Attack which killed two Christian girls aged 12 and 8 in their best dresses to attend a wedding, two of their relatives and a Muslim man outrages Egyptians, Muslims and Christians alike and deepens their opposition to Islamists. Youssef Hamza reports
‘You will live my darling, don’t you dare die on me’: How Cairo church shooting shocked Egypt
CAIRO // A deadly shooting outside a Cairo church that sparked nationwide uproar is likely to be a milestone in Egypt’s fight against the Muslim Brotherhood and its allied militants.
Five people were killed when gunmen on motorcycles opened fire on a wedding party in Cairo’s poor Warraq district.
While the death toll was relatively small given the scale and frequency of Egypt’s political violence since the downfall of Hosni Mubarak in 2011, it was those who were killed in the attack — two Christian girls aged 12 and 8, two of their relatives and a Muslim man — that outraged Egyptians, Muslims and Christians alike.
The shooting on Sunday, October 20 has deepened their opposition to the Islamists who take to the streets daily to demand the reinstatement of the former president Mohammed Morsi, who was removed from power in July after massive demonstrations against his rule.
The Muslim victim, who was shot in the head and leg, died last Thursday. His death rekindled the indignation felt by most Egyptians and reinforced the widespread notion that when it comes to violence by Islamist militants, Muslims and Christians are equally under threat.
Even before the Muslim man’s death, every detail of the attack touched a nerve in a country that remains on edge two and a half years after Mr Mubarak’s removal, with an Islamist insurgency in the Sinai peninsula and a wave of violent protests by Morsi supporters disrupting life in Cairo and elsewhere and keeping foreign tourists away.
The fact that it was two young girls, both named Mariam, highlighted the brutality of the attackers. The girls were related to the bride and were wearing their best party dresses for the wedding when they were hit by bullets.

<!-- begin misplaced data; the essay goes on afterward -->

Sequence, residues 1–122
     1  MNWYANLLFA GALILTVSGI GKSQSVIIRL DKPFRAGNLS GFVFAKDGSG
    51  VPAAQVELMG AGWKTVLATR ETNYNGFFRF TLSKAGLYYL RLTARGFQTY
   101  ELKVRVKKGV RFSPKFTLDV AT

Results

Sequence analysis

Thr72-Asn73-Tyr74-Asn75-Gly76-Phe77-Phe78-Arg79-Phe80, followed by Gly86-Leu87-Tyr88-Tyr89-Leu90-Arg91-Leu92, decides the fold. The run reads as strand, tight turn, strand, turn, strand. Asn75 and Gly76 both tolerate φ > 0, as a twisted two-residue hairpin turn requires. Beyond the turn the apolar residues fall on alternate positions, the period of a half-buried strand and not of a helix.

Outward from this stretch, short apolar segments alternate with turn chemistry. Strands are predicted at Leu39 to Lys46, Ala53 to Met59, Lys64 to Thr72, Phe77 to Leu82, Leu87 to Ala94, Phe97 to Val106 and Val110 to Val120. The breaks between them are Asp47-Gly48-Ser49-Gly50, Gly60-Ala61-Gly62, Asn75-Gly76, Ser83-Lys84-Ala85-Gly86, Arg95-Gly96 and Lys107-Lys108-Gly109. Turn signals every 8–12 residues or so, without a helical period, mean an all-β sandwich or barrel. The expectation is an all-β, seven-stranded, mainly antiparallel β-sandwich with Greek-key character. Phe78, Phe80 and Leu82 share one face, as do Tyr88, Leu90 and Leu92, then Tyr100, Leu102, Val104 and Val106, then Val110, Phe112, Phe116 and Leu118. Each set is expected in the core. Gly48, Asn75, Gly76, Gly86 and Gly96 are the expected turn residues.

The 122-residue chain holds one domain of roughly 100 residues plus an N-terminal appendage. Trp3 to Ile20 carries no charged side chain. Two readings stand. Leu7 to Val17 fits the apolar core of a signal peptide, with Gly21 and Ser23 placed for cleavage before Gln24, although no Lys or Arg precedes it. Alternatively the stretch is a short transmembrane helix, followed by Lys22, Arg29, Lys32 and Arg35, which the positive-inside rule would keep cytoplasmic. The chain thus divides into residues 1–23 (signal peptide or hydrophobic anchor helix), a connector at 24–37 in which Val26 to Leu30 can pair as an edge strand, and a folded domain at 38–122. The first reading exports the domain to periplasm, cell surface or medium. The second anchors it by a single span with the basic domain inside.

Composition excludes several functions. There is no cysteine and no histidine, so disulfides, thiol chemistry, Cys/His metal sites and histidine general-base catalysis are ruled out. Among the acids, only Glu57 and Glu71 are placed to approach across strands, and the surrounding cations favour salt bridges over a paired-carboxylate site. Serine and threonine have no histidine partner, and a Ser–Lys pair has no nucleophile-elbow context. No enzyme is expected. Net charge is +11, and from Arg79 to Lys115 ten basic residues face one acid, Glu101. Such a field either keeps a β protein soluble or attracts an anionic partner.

The last, heart-wrenching words of one of the two girls, 8-year-old Mariam Ashraf, were recounted by her father.
“I was screaming at her on the way to hospital: ‘Mariam, bear up, you will live my darling, don’t you dare die on me,’” the father, Ashraf Meseeha, told the Al Shorouk newspaper. “Her last words to me were: ‘Dad, I don’t feel good at all.’”
Mariam’s 2-year-old sister and her mother, remain in critical condition in hospital.
Another newspaper, Al Masry Al Youm, published a story on how the older Mariam was remembered by classmates, with photographs of Muslim girls in tears over their loss.
The Brotherhood began losing its appeal soon after Mr Morsi took office in June 2012, mostly over his perceived failure to ease any of the country’s problems and his attempts to centralise power. The group’s popularity then plummeted further after Mr Morsi’s removal from power. The insurgency in Sinai and attacks across Egypt have retrenched the notion that the Brotherhood is using violence as a means to regain power.
Realising the magnitude of the backlash against it over the church attack, the Muslim Brotherhood issued a flurry of statements. The group sought to distance itself from the shooting and blamed authorities for not protecting the church. The mouthpiece of the group’s political arm, the Freedom and Justice Party, claimed the shooting was part of a feud between families. On social media, Islamists said they suspected the attack was the work of security agencies trying to whip up anti-Brotherhood sentiments.
No one claimed responsibility for the attack, which also injured about 17 people but it bore all the hallmarks of Egypt’s Islamist militant groups, many of which were allied with Mr Morsi and the Brotherhood during his one-year in office. Even if Brotherhood members did not plot the attack or pull the trigger, they have contributed to a climate of fear, suspicion and anger.
Deputy Prime Minister Ziad Bahaa-Eldin blamed the Brotherhood for the “continuation of the atmosphere of violence” since Mr Morsi’s fall from power on July 3.
Brotherhood leaders have engaged in anti-Christian rhetoric, claiming that they played a large part in the mass protests that preceded his removal by the military. Days before his demise, Mr Morsi himself said the church’s leaders wore smiles in his presence that hid a deeply rooted fear of Islamists. Christians had routinely been berated by Islamist TV channels that were loyal to Mr Morsi.
The death of the Muslim man has lent weight to what the Coptic church and the clerics who presided over the funeral mass for the four Christians have maintained since the attack took place: those who pulled the trigger in effect had targeted the whole nation, not just its Christian minority.